Sharp’s Solar Unit Posts Profit on Rooftop, Large-Scale Demand

Sharp Corp. (6753)’s solar business returned to profit in the first quarter, buoyed by demand for panels used on residential rooftops and in large-scale plants.

Operating profit at the electronics maker’s solar unit was 6.8 billion yen ($69 million) in the three months ended June 30 compared with a 6.9 billion yen loss for the same period last year, the Osaka-based company said in a filing today.

Sales doubled to 84.3 billion yen from 41.9 billion yen, Sharp said. The company attributed the jump to growth in the domestic residential market and utility-scale projects.

Japan’s solar market is expanding after the country introduced an incentive program a year ago for clean energy to diversify its energy mix after the 2011 Fukushima crisis.

Sharp raised its profit outlook for the division to 13 billion yen for the year ending March 31 from 6 billion yen forecast in May. The sales outlook was raised to 310 billion yen for 1,800 megawatts of solar products, compared with the earlier forecast of 280 billion yen for 1,600 megawatts.

The profit at Sharp’s solar business is the second in a row. The business had an operating profit of 9.7 billion yen in the three months to March 31, its first after eight quarters of losses, company data showed. Sales for that period totaled 110.8 billion yen.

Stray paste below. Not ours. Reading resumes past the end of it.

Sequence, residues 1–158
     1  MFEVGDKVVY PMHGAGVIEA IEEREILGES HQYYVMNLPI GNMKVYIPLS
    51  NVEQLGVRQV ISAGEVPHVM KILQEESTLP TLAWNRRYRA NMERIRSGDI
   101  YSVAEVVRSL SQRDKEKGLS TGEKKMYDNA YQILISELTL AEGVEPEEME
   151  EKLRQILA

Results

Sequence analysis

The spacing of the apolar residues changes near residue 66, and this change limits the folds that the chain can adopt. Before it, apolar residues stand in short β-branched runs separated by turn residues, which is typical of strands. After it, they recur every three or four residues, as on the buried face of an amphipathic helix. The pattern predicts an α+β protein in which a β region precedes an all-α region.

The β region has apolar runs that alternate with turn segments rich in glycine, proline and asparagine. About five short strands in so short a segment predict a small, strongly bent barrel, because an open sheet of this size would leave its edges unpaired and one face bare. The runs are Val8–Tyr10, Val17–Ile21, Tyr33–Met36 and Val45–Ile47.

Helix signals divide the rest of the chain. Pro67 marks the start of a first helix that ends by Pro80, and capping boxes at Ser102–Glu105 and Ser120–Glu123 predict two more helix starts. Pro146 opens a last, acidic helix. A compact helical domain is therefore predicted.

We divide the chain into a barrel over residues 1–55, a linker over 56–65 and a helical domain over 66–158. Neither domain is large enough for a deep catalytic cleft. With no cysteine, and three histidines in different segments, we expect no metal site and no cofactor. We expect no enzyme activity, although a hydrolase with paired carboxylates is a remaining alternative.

Japan added 1,559 megawatts of solar capacity in the eleven months through the end of February, according to the Ministry of Economy, Trade and Industry.

The nation will become the world’s largest solar market this year with 6.9 gigawatts to 9.4 gigawatts, according to estimates by Bloomberg New Energy Finance in June. One gigawatt equals 1,000 megawatts.

Sharp, Japan’s largest maker of liquid-crystal displays, said in February that it’s working to “accelerate business restructuring” by scaling back its thin-film solar panel manufacturing and its operations in the U.S. and Europe.

To contact the reporter on this story: Chisaki Watanabe in Tokyo at cwatanabe5@bloomberg.net

To contact the editor responsible for this story: Reed Landberg at landberg@bloomberg.net

Press spacebar to pause and continue. Press esc to stop.

Bloomberg reserves the right to remove comments but is under no obligation to do so, or to explain individual moderation decisions.

Please enable JavaScript to view the comments powered by Disqus.